Home | Breaking News | Ripples in space and time: Scientists detect four new gravitational waves
Scientists have made four new detections of gravitational waves -- ripples in the fabric of space and time -- emanating from separate black hole mergers.(AFP)

Ripples in space and time: Scientists detect four new gravitational waves

In this coalescence, which happened roughly 5 billion years ago, an equivalent energy of almost five solar masses was converted into gravitational radiation, researchers said.

WT24 Desk

Scientists have made four new detections of gravitational waves — ripples in the fabric of space and time — emanating from separate black hole mergers, PTI reports.

So far the US-based LIGO and Europe-based VIRGO gravitational-wave detectors have recorded gravitational waves from a total of 10 black hole mergers and one merger of neutron stars. The new events are known as GW170729, GW170809, GW170818, and GW170823, in reference to the dates they were detected.

GW170729, detected in the second observing run on July 29, 2017, is the most massive and distant gravitational-wave source ever observed.

In this coalescence, which happened roughly 5 billion years ago, an equivalent energy of almost five solar masses was converted into gravitational radiation, researchers said.

The second observing run, which lasted from November 30, 2016, to August 25, 2017, yielded one binary neutron star merger and seven additional binary black hole mergers, including the four new gravitational-wave events being reported now. GW170814 was the first binary black hole merger measured by the three-detector network, and allowed for the first tests of gravitational-wave polarization (analogous to light polarization).

The event GW170817, detected three days after GW170814, represented the first time that gravitational waves were ever observed from the merger of a binary neutron star system.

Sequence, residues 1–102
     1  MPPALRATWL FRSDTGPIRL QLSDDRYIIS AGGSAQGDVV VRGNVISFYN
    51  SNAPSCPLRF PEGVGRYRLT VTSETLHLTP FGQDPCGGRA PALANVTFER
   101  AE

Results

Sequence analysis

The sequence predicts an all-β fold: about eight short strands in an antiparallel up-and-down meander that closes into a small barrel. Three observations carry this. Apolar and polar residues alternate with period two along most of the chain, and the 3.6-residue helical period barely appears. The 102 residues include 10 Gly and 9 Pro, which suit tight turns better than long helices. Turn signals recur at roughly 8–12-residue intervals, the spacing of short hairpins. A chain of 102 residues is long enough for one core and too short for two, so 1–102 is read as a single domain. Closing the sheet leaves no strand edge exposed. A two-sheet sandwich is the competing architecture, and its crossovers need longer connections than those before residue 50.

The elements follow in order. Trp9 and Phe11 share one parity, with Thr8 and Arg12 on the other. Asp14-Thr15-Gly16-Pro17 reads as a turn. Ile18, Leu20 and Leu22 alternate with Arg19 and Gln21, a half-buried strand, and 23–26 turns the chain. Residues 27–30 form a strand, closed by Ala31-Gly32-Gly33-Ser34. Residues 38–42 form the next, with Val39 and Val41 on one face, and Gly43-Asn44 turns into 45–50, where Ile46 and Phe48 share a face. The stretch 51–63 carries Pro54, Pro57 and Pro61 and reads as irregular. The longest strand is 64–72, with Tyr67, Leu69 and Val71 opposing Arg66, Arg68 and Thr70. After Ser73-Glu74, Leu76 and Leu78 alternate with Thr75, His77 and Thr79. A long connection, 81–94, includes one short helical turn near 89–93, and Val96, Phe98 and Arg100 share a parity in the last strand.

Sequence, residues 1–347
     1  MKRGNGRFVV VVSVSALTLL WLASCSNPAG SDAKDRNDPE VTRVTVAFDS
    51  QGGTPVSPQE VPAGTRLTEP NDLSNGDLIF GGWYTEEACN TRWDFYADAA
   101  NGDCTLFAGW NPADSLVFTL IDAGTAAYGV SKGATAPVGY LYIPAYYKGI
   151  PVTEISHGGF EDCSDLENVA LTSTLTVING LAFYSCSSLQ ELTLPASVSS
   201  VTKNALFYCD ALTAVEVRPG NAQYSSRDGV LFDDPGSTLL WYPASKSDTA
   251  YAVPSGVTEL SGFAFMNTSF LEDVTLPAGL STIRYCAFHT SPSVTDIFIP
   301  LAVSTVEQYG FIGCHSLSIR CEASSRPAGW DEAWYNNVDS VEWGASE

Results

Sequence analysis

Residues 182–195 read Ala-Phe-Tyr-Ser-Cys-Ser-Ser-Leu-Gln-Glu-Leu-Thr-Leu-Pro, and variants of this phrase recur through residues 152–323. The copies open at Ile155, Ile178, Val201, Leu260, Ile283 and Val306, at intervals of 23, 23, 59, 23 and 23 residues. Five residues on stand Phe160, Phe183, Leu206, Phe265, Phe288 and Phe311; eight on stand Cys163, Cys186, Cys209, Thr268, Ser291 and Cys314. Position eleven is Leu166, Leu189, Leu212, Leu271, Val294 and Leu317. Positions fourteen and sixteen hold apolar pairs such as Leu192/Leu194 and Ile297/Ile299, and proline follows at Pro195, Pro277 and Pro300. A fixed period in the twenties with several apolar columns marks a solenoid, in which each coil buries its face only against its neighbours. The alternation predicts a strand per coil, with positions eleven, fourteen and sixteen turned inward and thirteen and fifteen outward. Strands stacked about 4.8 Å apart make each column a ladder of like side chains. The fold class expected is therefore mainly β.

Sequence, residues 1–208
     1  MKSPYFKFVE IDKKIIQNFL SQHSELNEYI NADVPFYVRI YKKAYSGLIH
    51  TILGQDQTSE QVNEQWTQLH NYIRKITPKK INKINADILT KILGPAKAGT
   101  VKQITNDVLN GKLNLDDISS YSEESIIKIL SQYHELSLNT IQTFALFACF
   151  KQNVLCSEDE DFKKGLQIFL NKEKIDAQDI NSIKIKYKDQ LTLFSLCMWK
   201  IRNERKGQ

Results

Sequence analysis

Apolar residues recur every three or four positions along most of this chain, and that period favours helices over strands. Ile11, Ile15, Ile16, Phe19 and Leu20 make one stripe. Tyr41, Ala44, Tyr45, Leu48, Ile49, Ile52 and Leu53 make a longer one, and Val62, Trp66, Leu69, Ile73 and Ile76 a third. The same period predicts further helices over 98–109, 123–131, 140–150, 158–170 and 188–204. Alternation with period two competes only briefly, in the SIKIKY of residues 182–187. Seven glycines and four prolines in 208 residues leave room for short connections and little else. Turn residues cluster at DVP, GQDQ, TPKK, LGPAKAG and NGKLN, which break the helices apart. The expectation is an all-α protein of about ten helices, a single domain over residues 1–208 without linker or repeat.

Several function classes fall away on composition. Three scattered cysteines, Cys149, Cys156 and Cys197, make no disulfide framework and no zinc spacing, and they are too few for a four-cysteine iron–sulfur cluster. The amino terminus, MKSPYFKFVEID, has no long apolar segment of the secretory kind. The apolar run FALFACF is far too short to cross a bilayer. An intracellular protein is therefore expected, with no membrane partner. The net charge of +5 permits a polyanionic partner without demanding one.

One of the new events, GW170818, which was detected by the global network formed by the LIGO and Virgo observatories, was very precisely pinpointed in the sky.

The position of the binary black holes, located 2.5 billion light-years from Earth, was identified in the sky with a precision of 39 square degrees.

“The release of four additional binary black hole mergers further informs us of the nature of the population of these binary systems in the universe and better constrains the event rate for these types of events,” said Albert Lazzarini, Deputy Director of the LIGO Laboratory at California Institute of Technology in the US.

“The next observing run, starting in Spring 2019, should yield many more gravitational-wave candidates, and the science the community can accomplish will grow accordingly,” said David Shoemaker, spokesperson for the LIGO Scientific Collaboration.

Almost all black holes formed from stars are lighter than 45 times the mass of the Sun, researchers said.

Thanks to more advanced data processing and better calibration of the instruments, the accuracy of the astrophysical parameters of the previously announced events increased considerably.

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